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[Page 161]

The Great Flood

by D. Kleinbaum-Grosman

Translated by Gloria Berkenstat Freund

The flood occurred on a summer day, at two o'clock, in 1927. Kalman Krosman[1] (several years later, my husband) was busy with his work every day in the chocolate factory of his brother-in-law and sister Sura (or, as she was called in the city, Surake). Both Kalman and his brother-in-law Zaduk were busy pouring out the liquid chocolate into the forms. This work had to be done very quickly and nimbly because the chocolate immediately cooled and nothing more could be made with it. It could not be warmed again because it lost its form and taste.

While so engrossed in the work, the heaven suddenly clouded over. It became dark, actually impenetrable darkness. Lightning and thunder began.

Rain suddenly flowed from heaven – a real flood. They looked outside and saw before them only water and water. An ocean! The water began to flow into the factory. They did not think of ending their work. Now there were important things to do. They had to save whatever they could. The poured and finished chocolate lay high up, on shelves, but there was a large amount of goods lying on the floor. But the water was flowing wildly into the factory. There could no longer be any talk of saving anything. Now they had to save their own lives and very quickly because it could be too late.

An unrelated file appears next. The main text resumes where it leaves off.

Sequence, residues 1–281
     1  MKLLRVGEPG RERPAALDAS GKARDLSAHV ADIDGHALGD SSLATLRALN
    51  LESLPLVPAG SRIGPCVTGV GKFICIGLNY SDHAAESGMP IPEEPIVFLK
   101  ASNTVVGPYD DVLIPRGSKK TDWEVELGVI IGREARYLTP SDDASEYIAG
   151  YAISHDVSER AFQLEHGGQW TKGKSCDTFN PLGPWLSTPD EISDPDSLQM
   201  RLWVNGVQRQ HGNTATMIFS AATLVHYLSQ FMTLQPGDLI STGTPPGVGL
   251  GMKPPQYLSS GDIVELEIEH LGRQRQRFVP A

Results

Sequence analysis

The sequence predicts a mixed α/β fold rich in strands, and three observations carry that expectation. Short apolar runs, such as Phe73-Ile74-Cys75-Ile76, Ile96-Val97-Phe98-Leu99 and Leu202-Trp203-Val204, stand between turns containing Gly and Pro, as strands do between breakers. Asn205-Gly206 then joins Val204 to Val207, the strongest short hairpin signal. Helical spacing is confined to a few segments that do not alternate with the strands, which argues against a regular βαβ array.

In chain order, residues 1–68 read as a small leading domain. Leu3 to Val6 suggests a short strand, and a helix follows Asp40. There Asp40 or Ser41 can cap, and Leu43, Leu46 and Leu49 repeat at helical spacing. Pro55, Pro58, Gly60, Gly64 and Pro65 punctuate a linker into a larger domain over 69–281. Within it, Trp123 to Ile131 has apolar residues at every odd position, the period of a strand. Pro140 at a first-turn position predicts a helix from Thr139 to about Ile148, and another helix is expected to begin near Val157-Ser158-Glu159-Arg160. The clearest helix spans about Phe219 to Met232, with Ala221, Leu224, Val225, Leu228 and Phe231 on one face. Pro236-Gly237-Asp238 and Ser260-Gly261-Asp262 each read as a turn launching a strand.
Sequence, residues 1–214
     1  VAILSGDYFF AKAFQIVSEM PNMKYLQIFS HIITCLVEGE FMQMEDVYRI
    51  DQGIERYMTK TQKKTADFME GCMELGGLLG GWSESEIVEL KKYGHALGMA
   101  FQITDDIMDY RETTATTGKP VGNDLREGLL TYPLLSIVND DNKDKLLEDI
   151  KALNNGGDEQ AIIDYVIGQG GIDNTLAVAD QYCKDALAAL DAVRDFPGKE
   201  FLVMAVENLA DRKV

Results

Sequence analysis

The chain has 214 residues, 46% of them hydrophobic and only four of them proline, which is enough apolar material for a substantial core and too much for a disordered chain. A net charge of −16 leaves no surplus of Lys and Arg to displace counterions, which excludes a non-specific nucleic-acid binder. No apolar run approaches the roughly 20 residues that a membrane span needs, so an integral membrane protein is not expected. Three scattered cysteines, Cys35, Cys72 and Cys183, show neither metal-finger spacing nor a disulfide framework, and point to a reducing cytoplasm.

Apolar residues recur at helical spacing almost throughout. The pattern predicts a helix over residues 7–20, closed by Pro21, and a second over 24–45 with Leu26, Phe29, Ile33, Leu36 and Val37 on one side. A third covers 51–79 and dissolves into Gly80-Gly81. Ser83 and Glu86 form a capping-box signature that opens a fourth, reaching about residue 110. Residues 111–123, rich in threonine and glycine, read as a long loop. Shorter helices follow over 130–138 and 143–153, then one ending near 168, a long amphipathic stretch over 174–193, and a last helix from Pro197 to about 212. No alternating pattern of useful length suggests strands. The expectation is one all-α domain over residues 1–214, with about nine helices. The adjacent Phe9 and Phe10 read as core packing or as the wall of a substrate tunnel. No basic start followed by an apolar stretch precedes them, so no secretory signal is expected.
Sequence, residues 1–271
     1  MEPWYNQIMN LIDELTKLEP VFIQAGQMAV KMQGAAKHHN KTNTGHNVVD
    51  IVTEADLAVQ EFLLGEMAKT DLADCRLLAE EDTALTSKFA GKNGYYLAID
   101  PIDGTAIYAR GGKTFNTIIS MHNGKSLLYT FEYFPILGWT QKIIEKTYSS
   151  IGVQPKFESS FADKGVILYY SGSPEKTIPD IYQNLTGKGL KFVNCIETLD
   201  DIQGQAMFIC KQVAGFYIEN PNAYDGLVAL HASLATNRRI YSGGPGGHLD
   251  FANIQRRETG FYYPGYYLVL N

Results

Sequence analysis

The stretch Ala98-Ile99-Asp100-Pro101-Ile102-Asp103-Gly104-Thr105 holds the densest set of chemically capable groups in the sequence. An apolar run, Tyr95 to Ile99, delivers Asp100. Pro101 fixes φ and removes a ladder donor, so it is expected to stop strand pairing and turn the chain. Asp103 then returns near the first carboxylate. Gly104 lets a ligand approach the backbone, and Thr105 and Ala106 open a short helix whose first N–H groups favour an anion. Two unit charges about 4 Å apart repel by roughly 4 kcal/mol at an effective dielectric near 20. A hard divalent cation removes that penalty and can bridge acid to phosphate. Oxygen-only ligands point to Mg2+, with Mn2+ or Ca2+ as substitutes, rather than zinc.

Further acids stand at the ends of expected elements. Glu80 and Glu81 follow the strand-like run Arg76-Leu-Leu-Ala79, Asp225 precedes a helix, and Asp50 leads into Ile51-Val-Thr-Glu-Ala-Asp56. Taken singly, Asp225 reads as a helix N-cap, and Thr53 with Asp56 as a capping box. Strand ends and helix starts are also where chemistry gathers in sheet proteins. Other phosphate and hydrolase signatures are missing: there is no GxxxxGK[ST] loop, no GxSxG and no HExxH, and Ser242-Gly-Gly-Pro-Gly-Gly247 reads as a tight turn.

The factory then was in Tseli's son Shmuel's house that stood near the river. Therefore, the factory was the first to experience the flooding and was ruined.

When the rains stopped and the water receded, we could look at the factory. Here we saw the ruin that the flood had created. Surake and Zaduk Lewengrub, who had worked their way up a bit, were poor people after the flood, because a warehouse full of goods and raw materials worth thousands of zlotes had gone with the water.

It is clear that this flood in Krasnik more than 40 years ago brought the collapse of the entire city, particularly in the quarter that was closest to the river or lay in the lower areas. For many years, the Jewish as well as the Christian residents of the city spoke of this catastrophe and repeated again the details of this event.

 

kra014.jpg
On one of the streets of the shtetl

 

Translator's note:
  1. The author's surname is spelled both as Grosman and Krosman in the text of this article. return

 

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